The music of Billy Joel (part 3 or 4)

Album: Glass Houses (1980)
Thoughts: More rock orientated than his previous releases. I wasn’t that keen on the direction he took with this album, but it was well-received by audiences and critics alike.
Favorite tracks: You May Be Right (a rock n roll song, the intro sounds like 1992's Friday I’m in Love by The Cure)
Don’t Ask Me Why (a mellower track, I like the melody)
It's Still Rock and Roll To Me

Album: The Nylon Curtain (1982)
Thoughts: My second favorite Billy Joel album. (The Stranger from 1977 is my favorite)
The album is among Joel's most ambitious, and Joel has openly acknowledged that it's one of his personal favorites. Critics have interpreted the album to be, in part, an homage to the music of The Beatles and John Lennon.
Regarding the album's themes, Joel has stated "It was during the Reagan years, and the diminishing horizons in America at the time [meant that] all of a sudden you weren't going to be able to inherit [the kind of life] your old man had."
This pessimism about the American dream, in Joel's view, permeates most of the songs on the album. The song "Allentown", which brought attention to the plight of America's declining steel industry.
Favorite tracks: Allentown, Laura, Pressure, Goodnight Saigon, Scandinavian Skies

Album: An Innocent Man (1983)

Thoughts: I didn’t enjoy the album, which to me is unintentionally funny, in terms of how it sounds.
The album is a tribute to the American popular music of Joel's teenage years with Joel paying homage to a number of different popular American musical styles from the late 1950s and early 1960s, most notably doo-wop and soul music.
In an interview about the making of the album, Joel talks about how at the time he was recording An Innocent Man, he was newly divorced from his first wife, Elizabeth Weber, and was single for the first time since achieving rock star status. So he had the opportunity to date supermodels like Elle Macpherson and Christie Brinkley, and because of these experiences, he said, "I kind of felt like a teenager all over again.”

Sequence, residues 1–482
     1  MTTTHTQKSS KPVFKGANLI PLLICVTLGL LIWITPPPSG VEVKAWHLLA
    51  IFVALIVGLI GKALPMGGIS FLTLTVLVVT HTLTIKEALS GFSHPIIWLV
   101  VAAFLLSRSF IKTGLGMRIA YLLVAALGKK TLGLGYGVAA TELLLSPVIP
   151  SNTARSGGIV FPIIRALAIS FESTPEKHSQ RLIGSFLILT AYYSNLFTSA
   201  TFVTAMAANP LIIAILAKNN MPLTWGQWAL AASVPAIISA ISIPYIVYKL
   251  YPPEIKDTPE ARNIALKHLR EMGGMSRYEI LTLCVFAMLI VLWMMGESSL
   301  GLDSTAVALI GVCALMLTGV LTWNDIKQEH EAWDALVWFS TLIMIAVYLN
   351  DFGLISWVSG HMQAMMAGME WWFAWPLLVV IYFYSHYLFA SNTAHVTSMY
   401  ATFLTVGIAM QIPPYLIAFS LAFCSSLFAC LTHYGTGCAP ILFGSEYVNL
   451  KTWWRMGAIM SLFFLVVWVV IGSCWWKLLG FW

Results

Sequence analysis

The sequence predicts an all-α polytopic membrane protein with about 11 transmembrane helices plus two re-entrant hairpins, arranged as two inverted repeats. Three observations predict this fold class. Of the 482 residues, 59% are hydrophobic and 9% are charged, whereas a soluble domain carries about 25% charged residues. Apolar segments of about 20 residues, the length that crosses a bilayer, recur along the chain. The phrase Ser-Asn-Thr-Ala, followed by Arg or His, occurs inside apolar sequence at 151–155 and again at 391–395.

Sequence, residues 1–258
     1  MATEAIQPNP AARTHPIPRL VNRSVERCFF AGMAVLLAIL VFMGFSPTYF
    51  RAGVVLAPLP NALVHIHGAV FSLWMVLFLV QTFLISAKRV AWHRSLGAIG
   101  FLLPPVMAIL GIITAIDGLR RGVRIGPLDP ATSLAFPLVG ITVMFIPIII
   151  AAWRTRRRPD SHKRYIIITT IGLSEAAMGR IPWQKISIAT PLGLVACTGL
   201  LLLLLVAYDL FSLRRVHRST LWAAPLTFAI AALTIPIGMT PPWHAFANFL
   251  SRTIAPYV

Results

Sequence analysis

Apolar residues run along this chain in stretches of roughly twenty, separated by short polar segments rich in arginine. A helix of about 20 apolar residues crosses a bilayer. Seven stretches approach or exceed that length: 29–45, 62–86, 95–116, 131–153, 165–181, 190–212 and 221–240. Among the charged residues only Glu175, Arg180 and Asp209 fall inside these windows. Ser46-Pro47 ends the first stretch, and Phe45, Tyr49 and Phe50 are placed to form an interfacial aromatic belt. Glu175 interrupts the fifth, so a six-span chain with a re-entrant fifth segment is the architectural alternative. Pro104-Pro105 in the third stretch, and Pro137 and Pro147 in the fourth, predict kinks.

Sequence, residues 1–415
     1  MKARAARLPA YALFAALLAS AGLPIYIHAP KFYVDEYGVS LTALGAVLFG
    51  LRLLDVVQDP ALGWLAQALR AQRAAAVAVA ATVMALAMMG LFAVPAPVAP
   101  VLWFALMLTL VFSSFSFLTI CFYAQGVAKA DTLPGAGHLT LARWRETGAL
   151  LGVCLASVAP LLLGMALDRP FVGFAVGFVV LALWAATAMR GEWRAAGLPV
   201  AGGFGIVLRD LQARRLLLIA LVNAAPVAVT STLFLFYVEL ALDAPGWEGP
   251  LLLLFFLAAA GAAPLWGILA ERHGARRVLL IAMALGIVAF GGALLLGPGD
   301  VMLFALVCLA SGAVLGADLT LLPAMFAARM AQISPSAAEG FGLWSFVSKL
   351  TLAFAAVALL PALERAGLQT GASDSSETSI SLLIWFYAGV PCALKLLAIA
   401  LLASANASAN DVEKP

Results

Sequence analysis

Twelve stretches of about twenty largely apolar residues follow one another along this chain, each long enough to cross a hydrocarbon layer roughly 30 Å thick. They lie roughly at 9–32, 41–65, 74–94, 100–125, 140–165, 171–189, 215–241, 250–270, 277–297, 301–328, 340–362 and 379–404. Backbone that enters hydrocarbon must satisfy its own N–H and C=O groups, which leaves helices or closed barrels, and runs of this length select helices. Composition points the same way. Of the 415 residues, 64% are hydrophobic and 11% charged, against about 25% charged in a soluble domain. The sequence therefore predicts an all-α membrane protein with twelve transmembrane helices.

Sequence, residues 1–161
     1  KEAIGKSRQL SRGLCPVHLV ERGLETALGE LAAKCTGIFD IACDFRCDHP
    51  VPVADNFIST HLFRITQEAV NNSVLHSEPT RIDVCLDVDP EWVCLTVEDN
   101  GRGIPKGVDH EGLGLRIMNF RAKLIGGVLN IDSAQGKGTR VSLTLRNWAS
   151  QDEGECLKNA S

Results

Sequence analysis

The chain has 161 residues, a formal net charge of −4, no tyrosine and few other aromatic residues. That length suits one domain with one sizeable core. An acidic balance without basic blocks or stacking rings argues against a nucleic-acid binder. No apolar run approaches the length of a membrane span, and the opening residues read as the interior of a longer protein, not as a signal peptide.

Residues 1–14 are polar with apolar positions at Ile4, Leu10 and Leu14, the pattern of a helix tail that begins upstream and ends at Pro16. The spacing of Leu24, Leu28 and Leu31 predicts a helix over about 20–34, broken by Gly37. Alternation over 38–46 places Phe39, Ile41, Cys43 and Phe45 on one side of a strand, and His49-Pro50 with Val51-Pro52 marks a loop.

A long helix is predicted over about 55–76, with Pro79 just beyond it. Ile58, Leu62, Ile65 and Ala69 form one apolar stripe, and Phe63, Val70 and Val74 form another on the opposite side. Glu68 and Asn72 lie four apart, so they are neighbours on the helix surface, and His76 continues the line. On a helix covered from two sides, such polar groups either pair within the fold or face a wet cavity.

Favorite tracks: Uptown Girl is an 80s classic, and hard to ignore.

Have you listened to the music of Billy Joel? Or are you a newcomer to the music as I am? As always, comments are welcome. Next week part 4 of 4


  1. "80s Billy Joel doo-wop sucks!!!"

    1. @thevoid99: You know your Step Brothers movie quotes :) Also, I agree with statement that Joel’s doo-wop is not his best work.

  2. This is all where I start to switch off BJ, and he only flashes really great stuff for me. I think we only have a couple of good tracks per album, although they're great tracks when they're there. An Innocent Man has a couple of truly great BJ moments, but this was the first time I thought of him as really lazy. Those songs aren't good enough to be genuine homage from someone like BJ and I think the comment about his dating habits is WAY to efolded into the record - he sounds like a full-of-himself divorcee who is dating super models -Yawn. (I hated Uptown Girl and still do)
    This is a great series Chris - really enjoying it.

    1. @Lisa: I just didn't enjoy the stylized approach on An Innocent Man (1983). Uptown Girl has been played to death on the radio, to the point where it's sort of part of the mass culture.
      I guess you could say his divorce changed him, liberated him. Although as you say, it's a bit much he's kind of boasting in lyrics about dating super models.
      Glad you enjoyed the Billy Joel series here on the blog!


What do you think about the post? I look forward to hearing from you. Rest assured I will reply soon.


Related Posts with Thumbnails